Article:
Out-Law News | 30 May 2022 | 11:16 am | 2 min. read
The UK government knows the value of retaining an EU designation that supports the free flow of personal data between the EU and UK, the UK’s information commissioner has said.
In a speech in Brussels last week, John Edwards said he is “confident” that forthcoming reforms to UK law will not lower standards of data protection that apply to European citizens’ data when that data is transferred to the UK.
Edwards said: “There is law reform coming in the UK. You will hear politicians speak of the need to secure a Brexit dividend, and rhetoric describing the benefits of being free of the red tape of European regulation. We are yet to see the proposals in black and white after the consultation period, but I can assure you that I, and my staff, have worked closely with officials and ministers to ensure that all that is good about the GDPR is not traded away for hypothetical gains.”
“Decision makers in the UK are well aware of the value of retaining the European Commission’s adequacy determination, and the costs of losing it. I am confident that what will emerge from the reform process will reassure Europeans that Europeans data in the UK will continue to enjoy the same high standard of protection that it does within the EU. I urge you to look beyond any political rhetoric, and stress test the proposal against a criteria of risk to EU interests, and I am sure when you do so you will find it holds up,” he said.
UK data protection law was last substantially updated in 2018 when the General Data Protection Regulation (GDPR) took effect, though the EU legislation was subsequently converted into UK law with some minor amendments at the point that Brexit took effect. Despite the relatively recent overhaul and the fact many businesses surveyed reported seeing benefits from the GDPR, the UK government consulted on possible reforms to data protection law last year. It recently signalled its plans to introduce a Data Reform Bill into parliament over the next year. Further details of its policy intentions are expected to be outlined shortly in its consultation response.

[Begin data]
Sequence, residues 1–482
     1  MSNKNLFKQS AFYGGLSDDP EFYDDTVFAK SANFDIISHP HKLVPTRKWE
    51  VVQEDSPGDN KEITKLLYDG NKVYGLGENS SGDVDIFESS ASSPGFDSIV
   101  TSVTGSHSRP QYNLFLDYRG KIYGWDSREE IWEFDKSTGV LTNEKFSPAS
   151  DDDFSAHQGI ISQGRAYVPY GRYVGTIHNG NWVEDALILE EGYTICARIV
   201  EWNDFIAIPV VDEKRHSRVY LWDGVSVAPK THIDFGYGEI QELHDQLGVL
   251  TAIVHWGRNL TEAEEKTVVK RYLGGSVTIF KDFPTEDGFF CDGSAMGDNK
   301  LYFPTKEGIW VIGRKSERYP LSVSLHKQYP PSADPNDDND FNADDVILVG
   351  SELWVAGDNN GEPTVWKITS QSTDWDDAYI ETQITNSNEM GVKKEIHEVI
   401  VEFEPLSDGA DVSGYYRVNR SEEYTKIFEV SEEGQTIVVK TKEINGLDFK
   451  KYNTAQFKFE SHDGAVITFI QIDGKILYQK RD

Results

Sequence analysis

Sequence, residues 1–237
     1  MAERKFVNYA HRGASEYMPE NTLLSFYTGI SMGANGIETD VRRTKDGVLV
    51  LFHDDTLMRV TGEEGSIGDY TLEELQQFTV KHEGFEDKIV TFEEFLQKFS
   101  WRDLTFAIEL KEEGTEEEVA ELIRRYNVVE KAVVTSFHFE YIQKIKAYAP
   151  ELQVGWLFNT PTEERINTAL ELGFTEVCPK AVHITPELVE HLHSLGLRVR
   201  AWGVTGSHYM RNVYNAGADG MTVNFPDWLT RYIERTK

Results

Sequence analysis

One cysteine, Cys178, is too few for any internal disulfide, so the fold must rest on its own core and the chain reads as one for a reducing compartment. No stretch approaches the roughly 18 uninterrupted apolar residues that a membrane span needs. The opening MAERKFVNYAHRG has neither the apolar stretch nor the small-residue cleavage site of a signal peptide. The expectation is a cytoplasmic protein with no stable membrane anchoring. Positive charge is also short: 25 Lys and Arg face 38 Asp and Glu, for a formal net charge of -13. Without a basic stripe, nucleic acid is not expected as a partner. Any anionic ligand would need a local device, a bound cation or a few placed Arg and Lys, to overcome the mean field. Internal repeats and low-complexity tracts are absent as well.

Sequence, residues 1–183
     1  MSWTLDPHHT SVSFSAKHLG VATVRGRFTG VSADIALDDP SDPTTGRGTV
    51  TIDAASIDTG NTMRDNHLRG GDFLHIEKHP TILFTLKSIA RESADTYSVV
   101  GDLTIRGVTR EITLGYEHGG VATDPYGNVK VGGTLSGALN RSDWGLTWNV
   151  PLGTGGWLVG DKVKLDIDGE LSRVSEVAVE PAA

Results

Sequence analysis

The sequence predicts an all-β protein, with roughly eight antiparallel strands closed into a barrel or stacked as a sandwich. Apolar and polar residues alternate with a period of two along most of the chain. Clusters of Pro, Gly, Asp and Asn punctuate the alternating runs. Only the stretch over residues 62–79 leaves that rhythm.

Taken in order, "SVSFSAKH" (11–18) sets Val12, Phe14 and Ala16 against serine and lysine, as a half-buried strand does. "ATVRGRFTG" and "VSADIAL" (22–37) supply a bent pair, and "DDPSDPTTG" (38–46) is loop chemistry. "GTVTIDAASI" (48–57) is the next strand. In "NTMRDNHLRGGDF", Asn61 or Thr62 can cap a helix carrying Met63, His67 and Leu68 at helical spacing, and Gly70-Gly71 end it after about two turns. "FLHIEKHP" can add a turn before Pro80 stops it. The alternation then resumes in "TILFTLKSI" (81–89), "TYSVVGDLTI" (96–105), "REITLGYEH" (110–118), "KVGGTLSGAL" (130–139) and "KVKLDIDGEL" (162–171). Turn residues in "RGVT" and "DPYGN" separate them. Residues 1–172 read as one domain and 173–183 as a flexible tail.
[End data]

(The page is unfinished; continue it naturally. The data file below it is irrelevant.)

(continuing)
Both the UK GDPR and the EU GDPR place restrictions on the transfer of personal data outside of the jurisdiction, reflecting the fact that data protection standards vary globally. The legislation requires exporters to ensure, via the legal tools available to them, that the transferred data is governed in accordance with the data protection standards that apply in the UK.
One mechanism that the EU uses to support international data transfers is ‘adequacy’ decisions. These represent designations by the EU that specific countries or territories to which EU citizens’ personal data might be transferred provide for data protection standards that are ‘essentially equivalent’ to those that apply when the data is being processed within the EU. Where an adequacy decision applies, organisations are free to transfer personal data from the EU to the designated jurisdictions without having to apply other legal tools for data transfers.
The European Commission has issued several adequacy decisions – including in respect of the UK post-Brexit. Unusually, the adequacy decisions relating to the UK included a ‘sunset clause’, meaning that they will expire after four years and will only be renewed if the UK continues to ensure an adequate level of protection. Some businesses fear that the UK government’s plans for data protection reform will diverge too far from the EU GDPR and cause EU policymakers to reconsider the UK’s adequacy status.
Data protection law expert Rosie Nance of Pinsent Masons said: “Maintaining UK ‘adequacy’ will be important to ensuring international organisations can continue to transfer data internally and externally without significant additional compliance burdens.”
A recent survey of UK businesses commissioned by the government found that 10% of all UK businesses send or received digitised data, whether personal data or non-personal data, to or from organisations based outside of the UK. For those organisations where international data flows include transfers between the UK and European Economic Area (EEA), maintaining UK adequacy allows those transfers to continue without the need to in place standard contractual clauses or another ‘appropriate safeguard’ under the GDPR.
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